Welcome to Scribd, the world's digital library. Read, publish, and share books and documents. See more
Download
Standard view
Full view
of .
Look up keyword
Like this
2Activity
0 of .
Results for:
No results containing your search query
P. 1
Contract Act 1872

Contract Act 1872

Ratings: (0)|Views: 94|Likes:
Published by Vishal Gattani

More info:

Published by: Vishal Gattani on Aug 13, 2011
Copyright:Attribution Non-commercial

Availability:

Read on Scribd mobile: iPhone, iPad and Android.
download as PDF, TXT or read online from Scribd
See more
See less

09/25/2014

pdf

text

original

 
MERCANTILE
LAW
I
I
UNIT-I
CONTRACT
CHAPTER
-
1
Meaning
and
Essentials
of Contract
INTRODUCTION]\-hat is LawLaw means a 'set of mles"
Brozdly
speakins, it ma? be defined
as
the rules sf conductrecognized
and
enforced by the state
ae.
Ccr,+m!and rcguIate
the
csaduct
of
peaple. ta. Prctect theirproperty and contractual ri@ts
nith
a vie\\
to.
Securing ustice. peaceful
li\
jng
and
social security.Since the value system
of
satiety
keeps
en
changing,
tht
:a\\
also. Keeps changing accordingto.
the
changi~gequirements
of
rhe
society.There are sebenl branches
of
!aa\ such as IntemationaC hv, Constitutional ia\v, Criminal law,
Ci\
il
law etc. E\-ery branch of la\\ rezu!ddts and controls a particular field of'zctibity.
Why
Should One Know LawOne sbmld
kns~
he Banto nhich he Is subject because ignorance
cf
?an
is no. excuse.
For
example.
if
S
is caught traveling
in
a
train avithout ticket, fie cannot plead that he \\-as not aware of therule rcgsrding
the
purchase of ticket and &erefore, he may be escus?d.
In
ansther example, if
Y
scausht driving scooter \vithout
drib
ing license, he cannot plead that he uas net aware of the traffic ruleregarding the cbtaininy
of
a dri\ing license
and
therefore, he
ma);
be excused.What is Mercantile Law (or Commercial Law)hlercantile la\\ is not a separate bnnch of law.
BxicalIy.
it
is
a part
of
civil Ian \fich dealswith
the
rights and cbii~ations f
naercanrile
loerson&ngout
of
mercantile transacti@_nsn r-sptof
--
nerca-dbudesrelating to. Various
_---
ontracts. eartnerlip.
-
omp&es,negtiable, instrument_s, nsufa_rge, arriage
&-
ofms,arbhatinn ek.What are the Sources of JIercantile Law?
In
Indis. mercantile la\\ is
b~ii3lly
n ada~tation
f
tfre
EngIish
La\\
\\ith
some xodificationsand reser\ations. mhieh are necessitated b- he pecnli~r ccdiricas
pmailing
in India. The mainsources
of
the Indian mercantile la\\ arc shlsnn below
in
Fig.
:.I.
1
Sources of SlermntiIe
Law
in India
Lit$
1
I
Indian
Z
Jlldicirll
"omsandStatus Law Decisions Usages
2
1
*
Fig.
1
I
Snurces of Mercantile
Law
in
IndiaLet
us
discuss
rhem ose
b)
one.
(a) English Mercantile Law
English
!ans
are
the
p;irr.nrj
sGxrcr5
cf
Indim
llercantiiz
Law.
Englishian
i
z;n
k;?sr'd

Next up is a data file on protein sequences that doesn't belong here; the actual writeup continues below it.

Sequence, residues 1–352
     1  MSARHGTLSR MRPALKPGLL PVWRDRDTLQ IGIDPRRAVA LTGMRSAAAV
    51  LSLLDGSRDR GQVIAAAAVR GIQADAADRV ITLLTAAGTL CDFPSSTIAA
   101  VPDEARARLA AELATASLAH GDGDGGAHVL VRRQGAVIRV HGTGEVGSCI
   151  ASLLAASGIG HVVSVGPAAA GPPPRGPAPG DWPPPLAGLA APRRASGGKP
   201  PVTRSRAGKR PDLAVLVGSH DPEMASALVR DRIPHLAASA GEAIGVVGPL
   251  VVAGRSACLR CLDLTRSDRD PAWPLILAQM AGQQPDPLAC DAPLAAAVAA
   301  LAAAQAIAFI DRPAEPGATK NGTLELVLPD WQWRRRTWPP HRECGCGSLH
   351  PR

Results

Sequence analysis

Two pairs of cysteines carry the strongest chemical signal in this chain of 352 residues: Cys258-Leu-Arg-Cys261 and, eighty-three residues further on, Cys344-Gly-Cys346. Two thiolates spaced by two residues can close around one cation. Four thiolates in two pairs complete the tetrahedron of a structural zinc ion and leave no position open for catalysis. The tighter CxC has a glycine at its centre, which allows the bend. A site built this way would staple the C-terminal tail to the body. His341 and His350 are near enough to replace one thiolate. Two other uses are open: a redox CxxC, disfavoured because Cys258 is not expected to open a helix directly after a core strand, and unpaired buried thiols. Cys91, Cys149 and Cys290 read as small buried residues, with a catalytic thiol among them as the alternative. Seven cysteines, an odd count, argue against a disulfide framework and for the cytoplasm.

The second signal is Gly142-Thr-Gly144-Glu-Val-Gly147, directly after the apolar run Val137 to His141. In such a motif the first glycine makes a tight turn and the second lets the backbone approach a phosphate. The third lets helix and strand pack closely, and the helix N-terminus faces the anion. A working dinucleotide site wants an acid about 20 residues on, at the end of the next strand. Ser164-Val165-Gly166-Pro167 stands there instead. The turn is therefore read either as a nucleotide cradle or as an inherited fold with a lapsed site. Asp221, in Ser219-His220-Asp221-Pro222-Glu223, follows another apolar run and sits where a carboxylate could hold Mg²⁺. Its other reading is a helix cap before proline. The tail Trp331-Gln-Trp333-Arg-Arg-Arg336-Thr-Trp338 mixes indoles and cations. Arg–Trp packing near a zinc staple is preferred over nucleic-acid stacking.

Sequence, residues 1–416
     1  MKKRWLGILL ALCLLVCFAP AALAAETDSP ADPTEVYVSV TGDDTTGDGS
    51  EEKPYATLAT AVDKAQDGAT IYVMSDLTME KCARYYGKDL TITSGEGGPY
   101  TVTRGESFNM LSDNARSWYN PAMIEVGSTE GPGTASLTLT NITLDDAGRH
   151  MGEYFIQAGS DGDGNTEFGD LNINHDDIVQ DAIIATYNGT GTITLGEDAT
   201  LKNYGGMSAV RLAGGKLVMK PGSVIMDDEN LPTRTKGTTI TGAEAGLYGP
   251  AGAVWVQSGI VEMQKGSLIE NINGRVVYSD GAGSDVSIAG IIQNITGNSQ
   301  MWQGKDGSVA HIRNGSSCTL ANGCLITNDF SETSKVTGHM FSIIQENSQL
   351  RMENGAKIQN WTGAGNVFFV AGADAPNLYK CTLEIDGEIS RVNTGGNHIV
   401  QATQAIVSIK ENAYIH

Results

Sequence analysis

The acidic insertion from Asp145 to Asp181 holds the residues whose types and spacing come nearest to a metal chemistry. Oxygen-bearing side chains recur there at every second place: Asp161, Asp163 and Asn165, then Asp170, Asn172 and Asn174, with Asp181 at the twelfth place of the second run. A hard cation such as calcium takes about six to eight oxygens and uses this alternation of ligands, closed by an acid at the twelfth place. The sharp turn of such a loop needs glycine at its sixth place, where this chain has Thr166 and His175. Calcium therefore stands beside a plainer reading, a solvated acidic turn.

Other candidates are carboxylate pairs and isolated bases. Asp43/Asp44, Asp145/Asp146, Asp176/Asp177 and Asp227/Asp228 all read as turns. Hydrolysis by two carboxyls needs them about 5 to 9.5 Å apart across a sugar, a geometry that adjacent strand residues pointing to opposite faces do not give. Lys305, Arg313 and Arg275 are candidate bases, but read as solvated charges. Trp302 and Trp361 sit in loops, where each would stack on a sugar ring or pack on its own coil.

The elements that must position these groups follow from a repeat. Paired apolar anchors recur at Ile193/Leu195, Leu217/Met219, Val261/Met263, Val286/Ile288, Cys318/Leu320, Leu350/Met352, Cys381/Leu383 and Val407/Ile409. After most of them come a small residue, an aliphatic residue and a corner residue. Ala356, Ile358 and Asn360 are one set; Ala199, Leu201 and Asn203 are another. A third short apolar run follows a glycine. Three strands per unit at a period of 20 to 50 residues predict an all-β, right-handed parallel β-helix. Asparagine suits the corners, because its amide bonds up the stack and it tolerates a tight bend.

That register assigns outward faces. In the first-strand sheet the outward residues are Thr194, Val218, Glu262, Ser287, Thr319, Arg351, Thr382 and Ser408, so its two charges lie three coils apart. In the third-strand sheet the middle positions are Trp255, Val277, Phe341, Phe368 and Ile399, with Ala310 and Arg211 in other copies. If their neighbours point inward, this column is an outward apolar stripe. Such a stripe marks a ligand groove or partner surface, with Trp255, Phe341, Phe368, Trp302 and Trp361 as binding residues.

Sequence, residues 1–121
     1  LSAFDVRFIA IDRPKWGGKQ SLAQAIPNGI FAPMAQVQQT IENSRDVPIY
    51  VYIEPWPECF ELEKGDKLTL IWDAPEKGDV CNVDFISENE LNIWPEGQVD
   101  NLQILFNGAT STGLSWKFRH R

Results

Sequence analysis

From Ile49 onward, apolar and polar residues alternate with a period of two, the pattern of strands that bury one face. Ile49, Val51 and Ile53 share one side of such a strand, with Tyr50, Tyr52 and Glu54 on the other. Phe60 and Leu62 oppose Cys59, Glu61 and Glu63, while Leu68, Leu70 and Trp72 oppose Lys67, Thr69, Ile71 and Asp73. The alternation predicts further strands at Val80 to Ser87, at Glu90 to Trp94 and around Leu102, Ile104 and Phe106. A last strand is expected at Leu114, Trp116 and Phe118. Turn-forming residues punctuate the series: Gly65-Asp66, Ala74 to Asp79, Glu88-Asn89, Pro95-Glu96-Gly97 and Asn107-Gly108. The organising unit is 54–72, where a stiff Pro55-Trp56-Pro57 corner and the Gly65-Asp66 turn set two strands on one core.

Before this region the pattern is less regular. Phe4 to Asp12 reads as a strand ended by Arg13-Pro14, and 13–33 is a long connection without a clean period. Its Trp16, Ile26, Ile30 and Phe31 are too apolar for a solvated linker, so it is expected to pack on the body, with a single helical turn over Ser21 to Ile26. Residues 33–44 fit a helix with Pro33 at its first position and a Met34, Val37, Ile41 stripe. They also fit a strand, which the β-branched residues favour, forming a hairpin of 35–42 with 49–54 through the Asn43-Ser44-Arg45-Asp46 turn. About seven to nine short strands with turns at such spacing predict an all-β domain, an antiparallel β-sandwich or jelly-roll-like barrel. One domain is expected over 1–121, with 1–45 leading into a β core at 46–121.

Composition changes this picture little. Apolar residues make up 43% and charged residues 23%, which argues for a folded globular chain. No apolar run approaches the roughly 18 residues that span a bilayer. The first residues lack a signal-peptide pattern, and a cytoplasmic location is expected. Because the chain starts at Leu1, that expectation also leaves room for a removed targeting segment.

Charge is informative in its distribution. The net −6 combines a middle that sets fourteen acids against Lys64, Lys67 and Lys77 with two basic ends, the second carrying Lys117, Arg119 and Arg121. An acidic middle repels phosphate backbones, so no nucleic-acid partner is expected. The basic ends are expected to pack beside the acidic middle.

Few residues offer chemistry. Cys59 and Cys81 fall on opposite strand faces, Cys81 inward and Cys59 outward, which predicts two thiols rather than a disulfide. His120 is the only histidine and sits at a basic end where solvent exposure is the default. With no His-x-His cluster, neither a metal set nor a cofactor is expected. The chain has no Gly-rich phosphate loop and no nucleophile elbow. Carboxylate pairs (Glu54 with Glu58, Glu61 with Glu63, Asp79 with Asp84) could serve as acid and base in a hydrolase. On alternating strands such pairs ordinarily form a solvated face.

L'Z-L~I~LOIR~
d
bsages
3f
merch3~ts
n
Er;glar?s.
(b)
Indizn
Statute
Law
The
variocs Acts passed
b>
:he
Ir,JIrlp Legislature
,re
the main sources ofmeicvltilr la\\
in
India, e.g. lndian Conuact Act,
iS72,
The Sale
of
Gods
Acts,
1930. The lndianPartnership Act, 1932, The Kegotiable Instrunrents Act 1881, The Companies Act, 1956.TOPPER'S INSTITUTEPh:224419 14.65255572
1
English
1
\[ereantile
Lmc
 
I
1IERCANTrLE LAW
I
2
I
(c)
Judicial Decisions
The past judicial decisions of English courts and Indian courts are also one of
I
the sources of law. Wherever the
iaw
is
silent on a point,.the judge has to decide the case according tothe principle of equi5- justice
and
good conscience. The past judicial decisions are followed
by
thecourts while deciding similar cases before them.
(d) Customs and
Csages
The
customs and usages of a trade are also one of the sources of mercantilelaw in India. These customs
and
usases govern the merchants of a trade in their dealings with eachother. Some Acts passed b> the Indian Legislature recognizes the importance of such customs andusages.
For
emple. Section
B
~f
che
Indian Contract Act, 1872 provides "nothing contained thereinshaI! affect
an>
usage of custar
oY:r232
.
.
'5Similrrrlq, Section
1
af The Negotiable Instruments Act,
1581
pravides
"n~thing
c?nn:rei
:.7::ein
shall affect an)
local
usaa,e relating to instrument in anoriental language..'
The Law of Contract
The la\\ of contract
is
conrained
ir,
:k
ndian
C::::TZ;I
.Act.
E
S-2
nhich(a)deals
\kith
ltle
general
pr!ric';r[es
of
Pa;\
::ixning
all
cznilnats,
and
,€feaning
and
Essentials
of
Contract
1.3
,
.
16)
caters the
special
pr~ni4:~~~
cl\it~ns
:,
5;c;I31
coztrxts
like Bailment Pledge, Indernni~.Guarantee
and
.4genc>.
The
lau
ofContni~
s
appli:ablt
5-1
:~iy
c
basi~ess
ut
abi.
to all day-to-day personal dealings.
In
hct, each
one
of
us
enter
Zzra
3
~unnhcr
f
CCP+-*---
.-,,rs
fmm sunrise to sunset.For example.
1.
when
you
purzhase
a
nen
spay=r,
cu
rer
Into
a
:ontm:t
\\
ith
the vendor of newspaper.
'7
--
\then
)ou
purchase
milk.
)or?
erter
Zns
2
conmct with the milkman.
3.
nhen
>cu
purchase bread
and
butter-
)ou
znter into a contract with the vendor of bread andbutter.
1.
when
>on
ide a bus.
5ou
enter
into
a
conarict
with
the
transport company. The genera!
law